25 November 2009
The menu is as follows:
broccoli with feta cheese sauce
green chile sauce
peach pie with custard
Indeed, it's a Happy Thanksgiving for us!
23 November 2009
22 November 2009
Physalis alkekengi (franchetii) Chinese Lanterns
"These plants are often simply called physalis, a name derived from the Greek word for bladder. As a member of the nightshade family, physalis is related to tomatoes, peppers and petunias.
The ribbed, lanternlike bladders are actually enlarged sepals that have fused together to envelop the forming fruit. Tear one open and you will discover the fruit, resembling a cherry tomato. Inside the smooth, shiny skin the thick flesh is embedded with a rich harvest of seeds.
The bright husk guards the fruit as it dehydrates in the fall air. Gradually, it becomes paper thin and begins to break down to a delicate, lacy veiling. When this covering finally rips open, the seeds are sufficiently light and dry to be scattered by the wind."
Thanks to Mad Professor Palmer for taking Mr. Fuzzy's color image and transforming it into a magical monochrome. The farm has other pesky members of the nightshade family, including horse nettles. All are invasive and very difficult to eradicate.
20 November 2009
Oh, yeah, and the other thing that happened is that Mama changed our kibbles so we get junk food ALL the time now, not just when we run out of the fancy stuff and Mama stops at the grocery for something to tide us over until the Hippie Store gets the other food in again. The babies had some tummy trouble so we can't have food with fish guts in it any more. :( I liked the fishy food! The good news is they are feeling all better now so my little students can study with me again. Buster and Ann are taking lessons from me on how to be therapy cats. They're pretty darn good already! Figures.... they're the same kind of color as me. ORANGE CAT'S ARE THE BEST!
OK, this is getting long now. I have so much to tell you but it's fall and that means we're having to keep the neighborhood clear of evil mice. Some of the neighbors don't have cats so we go to there houses and kill the mice there too. Mr. Harmon is nice and doesn't have a dog so Jack goes there a lot and I go all the way to the end of the road and help out because their cat died a few weeks ago. It's a LOOONG walk so I'm pretty tired after my twice daily patrols. that's why I haven't written in so long. The good news is we've been successful- no mice in the house AT ALL so far!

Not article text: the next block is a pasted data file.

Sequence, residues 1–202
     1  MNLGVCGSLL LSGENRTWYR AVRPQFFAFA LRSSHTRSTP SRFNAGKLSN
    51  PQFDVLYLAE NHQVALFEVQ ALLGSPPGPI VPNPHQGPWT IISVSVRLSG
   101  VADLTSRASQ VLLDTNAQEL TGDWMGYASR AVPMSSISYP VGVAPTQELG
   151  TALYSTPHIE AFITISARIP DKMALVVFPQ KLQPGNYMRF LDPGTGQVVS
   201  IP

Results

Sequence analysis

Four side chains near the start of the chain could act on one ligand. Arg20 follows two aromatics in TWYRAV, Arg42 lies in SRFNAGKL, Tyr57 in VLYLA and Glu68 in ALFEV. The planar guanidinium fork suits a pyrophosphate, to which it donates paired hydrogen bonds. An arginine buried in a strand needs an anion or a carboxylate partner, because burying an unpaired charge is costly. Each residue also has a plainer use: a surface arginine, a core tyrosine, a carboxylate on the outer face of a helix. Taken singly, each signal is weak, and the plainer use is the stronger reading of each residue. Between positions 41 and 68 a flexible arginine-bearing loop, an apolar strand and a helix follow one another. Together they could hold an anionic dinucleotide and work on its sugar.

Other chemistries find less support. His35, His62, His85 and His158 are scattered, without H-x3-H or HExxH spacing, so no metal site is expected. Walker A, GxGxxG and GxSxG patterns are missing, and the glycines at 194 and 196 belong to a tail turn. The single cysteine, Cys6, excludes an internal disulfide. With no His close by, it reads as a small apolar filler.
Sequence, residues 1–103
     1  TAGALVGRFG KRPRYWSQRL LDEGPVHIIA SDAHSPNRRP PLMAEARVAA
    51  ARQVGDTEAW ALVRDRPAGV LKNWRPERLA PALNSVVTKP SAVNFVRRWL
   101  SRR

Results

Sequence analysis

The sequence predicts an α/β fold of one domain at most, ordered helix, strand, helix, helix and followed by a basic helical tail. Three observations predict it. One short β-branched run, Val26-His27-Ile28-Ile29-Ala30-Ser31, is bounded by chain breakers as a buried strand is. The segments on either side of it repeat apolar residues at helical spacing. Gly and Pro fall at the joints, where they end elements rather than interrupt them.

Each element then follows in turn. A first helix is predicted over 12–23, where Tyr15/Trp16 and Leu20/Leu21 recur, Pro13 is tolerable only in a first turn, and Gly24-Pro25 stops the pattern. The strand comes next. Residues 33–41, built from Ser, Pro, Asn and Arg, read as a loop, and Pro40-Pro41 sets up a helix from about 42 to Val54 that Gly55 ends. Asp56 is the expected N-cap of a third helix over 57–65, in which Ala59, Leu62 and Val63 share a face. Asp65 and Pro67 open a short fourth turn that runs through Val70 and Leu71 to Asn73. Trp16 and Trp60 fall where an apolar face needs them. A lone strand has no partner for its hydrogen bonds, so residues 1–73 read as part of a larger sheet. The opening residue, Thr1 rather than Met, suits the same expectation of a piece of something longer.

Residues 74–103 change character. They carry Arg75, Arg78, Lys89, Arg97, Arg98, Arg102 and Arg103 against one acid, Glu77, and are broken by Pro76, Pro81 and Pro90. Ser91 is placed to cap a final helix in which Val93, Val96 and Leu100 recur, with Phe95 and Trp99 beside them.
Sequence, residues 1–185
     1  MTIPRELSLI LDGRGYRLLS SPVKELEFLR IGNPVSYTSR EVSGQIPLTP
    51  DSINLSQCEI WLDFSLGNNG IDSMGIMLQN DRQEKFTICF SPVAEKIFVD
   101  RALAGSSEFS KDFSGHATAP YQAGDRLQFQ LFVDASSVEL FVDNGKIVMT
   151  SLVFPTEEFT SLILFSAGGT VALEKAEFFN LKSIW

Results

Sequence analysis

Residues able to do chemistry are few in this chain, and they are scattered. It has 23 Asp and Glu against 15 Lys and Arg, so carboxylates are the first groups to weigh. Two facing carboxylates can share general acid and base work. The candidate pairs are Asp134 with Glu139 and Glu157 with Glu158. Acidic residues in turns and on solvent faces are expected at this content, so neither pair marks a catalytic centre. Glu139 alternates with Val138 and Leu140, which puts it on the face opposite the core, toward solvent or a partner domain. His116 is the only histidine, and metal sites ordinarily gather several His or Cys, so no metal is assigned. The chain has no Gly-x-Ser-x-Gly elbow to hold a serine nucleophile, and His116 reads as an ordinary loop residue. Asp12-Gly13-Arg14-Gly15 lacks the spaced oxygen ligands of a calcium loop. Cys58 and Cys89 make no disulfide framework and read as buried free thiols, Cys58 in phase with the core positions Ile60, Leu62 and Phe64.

Hope you're having fun wherever you are.
Chief Therapist, Stratheden Farm
PS- Here's a picture of the last mouse we let Mama catch. Now we just dispatch them in the field because there are so many we don't have to share any more.
18 November 2009
All summer we've been little more than the hands that turn the door knob to our six adult cats. We've gotten hardly a sideways glance from four of them since warm weather settled in for the summer. Even our sweet Jack Tar has been less than cuddly. But now...
It's the season for love. Chetworth comes looking for a head rub, Lilly and Jack jump into our laps for a good wash and nap, Grover insists upon being picked up, and MamaCat has suddenly taken to dancing and singing for us. She's even started letting us pet her again!
That's right... MamaCat, our semi-feral lady who hides from everyone and every thing, has suddenly decided she likes head rubs. May I remind you that this is the cat I haven't been able to touch at all for at least eight months despite feeding her for three years?
So, despite heading into the season when we can't turn over in bed for the 100 pounds of cat that suddenly appears with the cold I'm happy. My kitties are all getting along and they're all telling me they love us. Even MamaCat.
17 November 2009
Once again, the mountain weather has proven 'versatile.' After three sunny days 70F, it is back to fog and cool. The high today was 45F. Perfect for all of the deer hunters in this part of Virginia, which is fairly over run by the deer. Two friends have collided with deer in the last week... the most expensive way to bag a buck if I so myself.
Disclaimer: this image was made along the Blue Ridge Parkway, not on Stratheden farm. Looking at it carefully, mayhaps we were magically transported back to bonnie Scotland for a few miles.
16 November 2009
15 November 2009